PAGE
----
美空军累计确诊新冠病例465例(英文)

 

据airforcetimes2020年4月4日报道,据美军统计,美空军确诊病例已从3月29日的164例增至4月2日的290例,增长76.8%。共有16名飞行员住院,25人康复。目前,空军累计465人确诊病例。290名飞行员中毒,他们一旦离岗,意味着美空军将有三个以上的飞行联队趴窝,将影响空军战略任务,沉重打击空军士气。空军已经采取相关措施,取消军事演习,制定计划加强情报收集,继续推进作战行动。美军高层已做好两手准备,一方面停止对外公布美军具体确诊人数,防止被对手“趁虚而入”,另外一方面将一些重要军事人员送入地下掩体。

COVID-19 cases among airmen increased more than 75 percent this week

The number of COVID-19 cases among airmen increased more than 75 percent since Sunday, according to the most recent figures from the service.

The Air Force reports that 290 airmen tested positive for COVID-19 on Thursday, up from the 164 that tested positive as of Sunday. That reflects a 76.8 percent increase.

A total of 16 airmen are hospitalized — down from 19 airmen on Wednesday — and 25 have made complete recoveries, the service said.

Among civilian Air Force personnel, the service reports that 82 civilians, 72 dependents and 21 contractors have COVID-19 as of Thursday. That’s a bump up from the 57 civilians, 41 dependents and 15 contractors from Sunday.

Altogether, the Air Force has reported 465 cases of personnel testing positive for the virus.

The pandemic has demanded the service to direct attention to the most critical missions over the next few months, which Air Force Chief of Staff Gen. Dave Goldfein described as a “reset” for the service.

“I’ve got to re-purpose some people from mission areas that are not essential to mission areas that are essential, and that’s not just something you do with a flip of a switch,” Goldfein told reporters Wednesday.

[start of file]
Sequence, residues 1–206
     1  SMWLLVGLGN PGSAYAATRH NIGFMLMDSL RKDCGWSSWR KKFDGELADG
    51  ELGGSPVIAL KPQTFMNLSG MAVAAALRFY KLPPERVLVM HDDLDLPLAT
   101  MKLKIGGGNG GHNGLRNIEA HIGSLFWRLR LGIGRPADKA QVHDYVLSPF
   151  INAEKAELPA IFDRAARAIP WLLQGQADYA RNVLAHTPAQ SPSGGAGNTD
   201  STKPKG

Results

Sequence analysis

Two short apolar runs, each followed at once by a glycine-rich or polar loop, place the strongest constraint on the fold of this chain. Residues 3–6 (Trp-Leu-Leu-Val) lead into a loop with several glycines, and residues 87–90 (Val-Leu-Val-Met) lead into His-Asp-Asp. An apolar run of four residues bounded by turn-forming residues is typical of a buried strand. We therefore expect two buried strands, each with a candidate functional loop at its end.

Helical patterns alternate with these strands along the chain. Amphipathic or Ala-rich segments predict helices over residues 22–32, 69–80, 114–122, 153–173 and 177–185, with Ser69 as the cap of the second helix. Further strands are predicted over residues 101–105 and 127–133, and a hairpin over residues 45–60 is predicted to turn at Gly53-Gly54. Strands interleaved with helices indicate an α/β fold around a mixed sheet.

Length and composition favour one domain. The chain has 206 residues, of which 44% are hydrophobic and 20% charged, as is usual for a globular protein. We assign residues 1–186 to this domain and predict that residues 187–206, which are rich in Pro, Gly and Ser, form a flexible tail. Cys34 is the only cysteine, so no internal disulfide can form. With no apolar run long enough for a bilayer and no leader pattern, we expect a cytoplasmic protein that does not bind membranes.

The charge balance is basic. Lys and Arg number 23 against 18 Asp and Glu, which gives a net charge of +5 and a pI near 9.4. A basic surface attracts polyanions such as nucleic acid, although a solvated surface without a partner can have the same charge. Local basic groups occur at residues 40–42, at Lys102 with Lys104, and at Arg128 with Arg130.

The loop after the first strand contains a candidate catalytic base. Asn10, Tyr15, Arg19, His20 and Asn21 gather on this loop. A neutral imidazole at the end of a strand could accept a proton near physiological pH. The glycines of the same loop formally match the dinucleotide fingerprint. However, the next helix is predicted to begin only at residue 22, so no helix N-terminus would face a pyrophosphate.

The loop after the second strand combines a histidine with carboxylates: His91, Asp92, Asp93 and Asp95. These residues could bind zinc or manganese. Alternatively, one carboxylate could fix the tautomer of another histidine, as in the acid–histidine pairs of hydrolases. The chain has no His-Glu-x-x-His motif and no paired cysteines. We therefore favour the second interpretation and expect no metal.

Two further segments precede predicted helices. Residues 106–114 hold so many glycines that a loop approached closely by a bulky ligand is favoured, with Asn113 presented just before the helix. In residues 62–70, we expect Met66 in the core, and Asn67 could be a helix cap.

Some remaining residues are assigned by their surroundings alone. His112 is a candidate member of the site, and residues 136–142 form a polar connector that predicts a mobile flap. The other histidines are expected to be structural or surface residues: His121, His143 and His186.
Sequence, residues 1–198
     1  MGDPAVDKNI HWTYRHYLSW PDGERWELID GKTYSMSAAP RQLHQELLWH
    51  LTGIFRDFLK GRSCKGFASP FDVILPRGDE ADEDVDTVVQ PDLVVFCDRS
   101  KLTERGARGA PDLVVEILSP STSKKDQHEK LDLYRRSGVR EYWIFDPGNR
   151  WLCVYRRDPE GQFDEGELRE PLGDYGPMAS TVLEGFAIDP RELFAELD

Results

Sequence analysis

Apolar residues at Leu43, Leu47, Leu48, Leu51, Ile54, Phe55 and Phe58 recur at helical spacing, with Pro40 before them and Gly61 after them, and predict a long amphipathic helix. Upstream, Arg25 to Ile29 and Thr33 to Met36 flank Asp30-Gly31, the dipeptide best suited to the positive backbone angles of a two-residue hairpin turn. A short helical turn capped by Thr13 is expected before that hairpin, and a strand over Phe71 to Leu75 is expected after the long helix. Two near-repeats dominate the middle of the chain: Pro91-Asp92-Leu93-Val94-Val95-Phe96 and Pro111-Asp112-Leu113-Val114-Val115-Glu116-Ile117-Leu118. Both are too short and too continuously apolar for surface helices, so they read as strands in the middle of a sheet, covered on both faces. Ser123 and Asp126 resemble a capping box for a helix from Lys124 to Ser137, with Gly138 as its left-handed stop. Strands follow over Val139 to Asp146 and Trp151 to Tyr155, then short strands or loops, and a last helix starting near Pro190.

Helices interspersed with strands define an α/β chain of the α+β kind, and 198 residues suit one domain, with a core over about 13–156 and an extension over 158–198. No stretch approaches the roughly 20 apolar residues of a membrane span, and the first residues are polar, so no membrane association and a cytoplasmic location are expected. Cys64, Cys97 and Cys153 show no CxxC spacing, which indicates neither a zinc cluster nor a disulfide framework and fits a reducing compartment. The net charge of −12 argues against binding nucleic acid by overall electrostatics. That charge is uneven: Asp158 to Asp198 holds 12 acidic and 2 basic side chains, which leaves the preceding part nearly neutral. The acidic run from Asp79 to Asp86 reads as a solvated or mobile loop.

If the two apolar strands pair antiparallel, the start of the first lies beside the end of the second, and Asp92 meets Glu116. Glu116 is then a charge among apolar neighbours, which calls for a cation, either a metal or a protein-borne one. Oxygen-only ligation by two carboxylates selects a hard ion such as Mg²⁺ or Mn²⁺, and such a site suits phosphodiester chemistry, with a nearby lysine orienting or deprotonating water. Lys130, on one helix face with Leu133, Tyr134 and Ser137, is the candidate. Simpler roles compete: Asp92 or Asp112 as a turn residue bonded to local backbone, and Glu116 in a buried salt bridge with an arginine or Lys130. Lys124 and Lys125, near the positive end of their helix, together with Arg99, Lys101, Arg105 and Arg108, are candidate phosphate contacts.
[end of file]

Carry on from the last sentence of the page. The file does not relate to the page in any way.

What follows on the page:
“There are all kinds of individual decisions that are associated with that bigger decision. So the reset I’m talking about is a broader reset across the Air Force to make sure that we keep our mission up and operating.”

Even though the Air Force has taken measures including canceling some military exercises, Goldfein said that the Air Force needs to put plans in place so intelligence and gathering operations, and combat operations can continue as the Air Force navigates the fluid “new normal.”

But a cookie-cutter solution won’t work for the Air Force since bases vary in geographic location, among other things, Goldfein said. As a result, he argued that social distancing and other policies to safeguard against the spread of the virus should remain at the discretion of wing commanders at Air Force installations.

“Every base has got a unique dynamic. … A one size fits all approach for every installation is doomed to fail,” Goldfein said.